Four months after three members of the Petit family were murdered in a Connecticut home invasion, the sole survivor, William Petit is remembering his wife and daughters by recognizing the good works of others.
Petit handed out the first Hayley and Michaela Petit Multiple Sclerosis Youth Award in honor of his two slain daughters late last week.
The award signifies 17-year-old Hayley and 11-year-old Michaela's dedication to fighting MS, which their mother, Jennifer Hawke-Petit, suffered from.
For William the ceremony and presentation of the award are also part of his healing process. His family's tragic story made national headlines in July, when pediatric nurse Jennifer and her two daughters were murdered. The family's home also was set ablaze, leaving William as the only survivor.
"You get tired of hearing about the 'horrific home invasion,'" Petit said in an exclusive interview with Ann Nyberg of ABC's New Haven affiliate WTNH. "It's nice to hear the good things sometimes and not always have the bad stuff in your face."
After such a dramatic set of events, the road to some semblance of normalcy for the doctor has been a difficult one.
"I'd be lying if, you know, there's days when I wake up and say, 'Oh my God, What am I supposed to do here?' 'Cause I don't know every day," William said. "It feels good some days, and it also feels like a heavy mantle."
"I think, 'I'm just a guy. I've had really, really bad luck. I didn't ask for this really, really bad luck,'" he added. "Then part of me says, 'Well you might as well try to help to make something good out of it because if there's evil, this was evil. So you just try to think about good things.'"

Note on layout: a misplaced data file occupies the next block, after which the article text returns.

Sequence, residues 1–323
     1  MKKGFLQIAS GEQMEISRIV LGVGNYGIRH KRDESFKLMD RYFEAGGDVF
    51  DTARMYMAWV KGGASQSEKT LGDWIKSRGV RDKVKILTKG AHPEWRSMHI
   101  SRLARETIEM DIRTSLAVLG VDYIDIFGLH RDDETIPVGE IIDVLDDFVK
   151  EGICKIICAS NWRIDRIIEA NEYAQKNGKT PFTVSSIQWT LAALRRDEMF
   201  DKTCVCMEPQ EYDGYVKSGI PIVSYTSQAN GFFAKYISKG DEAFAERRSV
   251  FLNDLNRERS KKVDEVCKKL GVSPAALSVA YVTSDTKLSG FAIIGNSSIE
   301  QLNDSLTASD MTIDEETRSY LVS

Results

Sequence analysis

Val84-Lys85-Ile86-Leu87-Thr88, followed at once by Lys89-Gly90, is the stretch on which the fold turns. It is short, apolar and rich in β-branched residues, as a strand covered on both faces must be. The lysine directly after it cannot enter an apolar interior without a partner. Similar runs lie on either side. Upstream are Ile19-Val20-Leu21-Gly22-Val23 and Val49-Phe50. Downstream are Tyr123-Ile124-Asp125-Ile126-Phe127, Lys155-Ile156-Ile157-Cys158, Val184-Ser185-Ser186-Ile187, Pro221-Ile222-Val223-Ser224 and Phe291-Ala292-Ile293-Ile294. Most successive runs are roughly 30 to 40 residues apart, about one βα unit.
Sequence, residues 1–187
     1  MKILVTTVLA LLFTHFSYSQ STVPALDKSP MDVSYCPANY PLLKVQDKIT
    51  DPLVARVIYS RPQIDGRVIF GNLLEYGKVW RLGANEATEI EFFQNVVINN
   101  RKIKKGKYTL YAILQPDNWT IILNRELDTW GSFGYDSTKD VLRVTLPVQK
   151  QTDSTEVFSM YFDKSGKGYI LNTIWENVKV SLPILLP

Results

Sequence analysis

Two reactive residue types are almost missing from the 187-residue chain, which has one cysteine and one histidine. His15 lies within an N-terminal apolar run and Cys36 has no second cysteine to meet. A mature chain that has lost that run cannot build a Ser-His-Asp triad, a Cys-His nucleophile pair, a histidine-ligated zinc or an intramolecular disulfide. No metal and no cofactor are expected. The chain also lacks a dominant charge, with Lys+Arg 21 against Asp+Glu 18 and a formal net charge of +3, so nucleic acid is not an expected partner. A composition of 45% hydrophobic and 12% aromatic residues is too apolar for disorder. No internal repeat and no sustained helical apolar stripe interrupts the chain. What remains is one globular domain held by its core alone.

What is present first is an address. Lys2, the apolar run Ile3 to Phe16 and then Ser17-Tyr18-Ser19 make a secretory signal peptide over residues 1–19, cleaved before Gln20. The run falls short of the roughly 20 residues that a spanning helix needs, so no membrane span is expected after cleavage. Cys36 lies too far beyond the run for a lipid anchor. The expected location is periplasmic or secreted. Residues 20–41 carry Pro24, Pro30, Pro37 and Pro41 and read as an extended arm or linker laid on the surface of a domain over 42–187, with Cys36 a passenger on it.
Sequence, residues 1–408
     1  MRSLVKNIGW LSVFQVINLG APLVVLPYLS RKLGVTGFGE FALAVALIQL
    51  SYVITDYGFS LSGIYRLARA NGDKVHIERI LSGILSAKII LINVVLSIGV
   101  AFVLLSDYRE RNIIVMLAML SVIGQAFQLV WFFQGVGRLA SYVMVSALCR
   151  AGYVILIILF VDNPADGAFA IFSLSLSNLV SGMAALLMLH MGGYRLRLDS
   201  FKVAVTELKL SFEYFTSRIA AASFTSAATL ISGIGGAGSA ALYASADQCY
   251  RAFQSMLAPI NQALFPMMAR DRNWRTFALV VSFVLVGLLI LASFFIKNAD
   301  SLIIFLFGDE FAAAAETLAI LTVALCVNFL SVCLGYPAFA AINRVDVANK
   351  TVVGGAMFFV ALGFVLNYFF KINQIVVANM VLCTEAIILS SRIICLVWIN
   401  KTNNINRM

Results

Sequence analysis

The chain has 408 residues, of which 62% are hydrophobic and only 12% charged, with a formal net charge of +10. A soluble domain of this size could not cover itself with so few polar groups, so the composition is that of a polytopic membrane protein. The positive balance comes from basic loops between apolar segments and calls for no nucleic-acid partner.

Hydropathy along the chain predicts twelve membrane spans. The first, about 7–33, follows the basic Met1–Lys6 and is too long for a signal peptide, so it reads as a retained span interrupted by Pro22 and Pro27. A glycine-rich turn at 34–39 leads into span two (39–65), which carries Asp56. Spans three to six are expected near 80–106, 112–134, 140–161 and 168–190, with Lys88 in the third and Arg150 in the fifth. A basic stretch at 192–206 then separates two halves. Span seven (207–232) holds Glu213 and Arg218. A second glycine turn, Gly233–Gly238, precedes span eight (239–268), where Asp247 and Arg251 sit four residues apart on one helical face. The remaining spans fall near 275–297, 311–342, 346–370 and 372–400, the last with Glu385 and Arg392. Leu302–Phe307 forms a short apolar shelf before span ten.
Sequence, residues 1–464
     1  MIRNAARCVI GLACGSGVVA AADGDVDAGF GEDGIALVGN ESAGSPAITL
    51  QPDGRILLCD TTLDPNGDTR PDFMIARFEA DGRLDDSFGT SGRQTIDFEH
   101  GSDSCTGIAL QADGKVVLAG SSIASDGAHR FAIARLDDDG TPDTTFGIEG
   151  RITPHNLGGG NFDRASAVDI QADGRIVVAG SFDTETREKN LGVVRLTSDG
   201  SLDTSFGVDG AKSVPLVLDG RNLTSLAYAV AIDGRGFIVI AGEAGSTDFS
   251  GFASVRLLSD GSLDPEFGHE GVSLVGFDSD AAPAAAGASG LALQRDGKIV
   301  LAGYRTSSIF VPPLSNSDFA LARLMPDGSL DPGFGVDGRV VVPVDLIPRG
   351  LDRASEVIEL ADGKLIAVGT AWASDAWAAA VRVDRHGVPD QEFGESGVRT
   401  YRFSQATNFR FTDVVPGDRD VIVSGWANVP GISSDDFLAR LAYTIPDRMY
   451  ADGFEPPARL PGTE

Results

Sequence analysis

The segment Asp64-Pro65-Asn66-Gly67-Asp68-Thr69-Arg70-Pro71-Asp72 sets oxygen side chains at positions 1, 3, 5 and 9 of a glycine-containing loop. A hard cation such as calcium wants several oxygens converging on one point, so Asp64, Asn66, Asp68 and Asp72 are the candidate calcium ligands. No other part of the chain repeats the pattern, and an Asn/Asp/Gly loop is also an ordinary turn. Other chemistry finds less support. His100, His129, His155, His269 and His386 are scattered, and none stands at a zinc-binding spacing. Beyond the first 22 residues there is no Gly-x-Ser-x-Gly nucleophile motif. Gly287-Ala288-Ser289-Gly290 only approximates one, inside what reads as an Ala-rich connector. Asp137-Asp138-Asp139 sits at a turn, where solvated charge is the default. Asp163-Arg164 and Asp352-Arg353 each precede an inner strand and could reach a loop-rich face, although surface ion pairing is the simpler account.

The award, which was given out just two days before what would have been Michaela's 12th birthday Saturday, is William's way of continuing the fight the girls started.
Sixteen-year-old Connecticut resident Shane Smith was the first honoree. He has helped his mother cope with MS, just like the Petit girls.
Smith's recognition and action mirror Michaela's favorite quote, according to her father.
"'You must be the change you want to see in the world.' So you can't wait for someone else to do it, you have to start to be the change," William said. "I was just sort of blown away that an 11-year-old girl would put that up as her quote."
Each year the award is given it will be a symbol of the Petits, a way to keep them in the forefronts of people's memories.
"I certainly don't want anyone to forget," William said.
In the Petits' hometown, plans are under way for candles to light the streets in memory of the family, in order to "bring this community together, have them unlock their doors, come outside and look at the beauty of the lights. Feel at ease and be at peace," one organizer said.
For more information on the Petits' foundation click here.